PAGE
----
Upgrading and expanding infrastructure in our cities is more than getting from A to B. Grimshaw’s Declan McCafferty shares an approach that ensures people, our neighbourhoods, and the city are at the heart of transport planning and design, realising greater social and economic value.
Bijlmer ArenA Station, Amsterdam
Catalysts for urban growth, public transport networks around the world are integral pieces of our cities, facilitating accessible, connected and safe journeys. However, the expansion and regeneration of these networks, by bodies such as Transport for London (TfL), Grand Paris Express (GPE), and New York’s Metropolitan Transport Agency (MTA), has identified far-reaching value that transcends simply station – and travel – design.
Identify the challenges
Quantifying and enabling this value is complex, and while guided by city-wide programmes such as London’s Good Growth by Design plan and New York’s OneNYC, there are specific issues in station design that need to be addressed. How can we reconcile the scale of transport hubs with existing street patterns? How can stations support local economies, provide active streets, and deliver the green, secure, people-oriented experiences that are so needed?
Southern Cross Station, Melbourne
Scaling the vision
These challenges demand a vision for station design that, to enable genuine social and economic benefit, must be scalable - from the wider city implications to communities and people.
At a city level the benefits are tangible: infrastructure development creates new city quarters, housing and commercial development. But in developing Southern Cross Station in Melbourne, Australia, Grimshaw’s design realised an opportunity in the station’s often overlooked ‘fifth elevation’. While the station links two precincts of Melbourne – at street level and across upper-level routes linking two large oversite developments – the station’s undulating roof form brings an unexpected city ‘landscape’ to the surrounding commercial buildings, as well as providing shade and a naturally ventilated environmental envelope.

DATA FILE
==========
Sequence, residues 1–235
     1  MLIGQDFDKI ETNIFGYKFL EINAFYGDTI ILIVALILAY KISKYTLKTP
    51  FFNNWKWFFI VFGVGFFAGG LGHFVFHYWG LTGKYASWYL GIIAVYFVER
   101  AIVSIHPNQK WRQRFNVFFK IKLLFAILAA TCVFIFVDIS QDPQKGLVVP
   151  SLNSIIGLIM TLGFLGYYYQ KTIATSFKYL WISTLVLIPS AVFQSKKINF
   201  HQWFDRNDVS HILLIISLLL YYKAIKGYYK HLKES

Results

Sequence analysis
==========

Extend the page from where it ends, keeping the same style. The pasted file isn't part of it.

At a community level, London Bridge Station in London in the UK – a transport hub that once severed its local area – now for the first time links neighbourhoods to the north and south of the station, through a connecting public concourse. And the refurbished Victorian viaduct arches, alive with retail and F&B, invigorate pedestrian routes and link the station to the vibrant and historic Bermondsey Street; railway heritage playing a vital part in placemaking and supporting local businesses.
Tackling travel as well as wider social needs was at the heart of the development of Bijlmer ArenA Station south-east of Amsterdam in the Netherlands. A once no-go area, experiencing high levels of crime in disconnected neighbourhoods, Grimshaw’s vision in placing people at the heart of the development lifted the station’s physical presence to create human-scale spaces below the expanded eight-track rail line. What was once a dark, unsafe environment is now a vibrant, connected, well-lit public space, ‘owned’ by the local people.
London Bridge Station, London
Designing in value
So, while the challenges to transcend travel and create real value beyond the station concourse are far-reaching and manifold, adopting an approach that engenders social and economic coherence is possible. Getting people from A to B can reach further afield than the sense of travel to the sense of place, which will deliver civic spaces beyond the station concourse.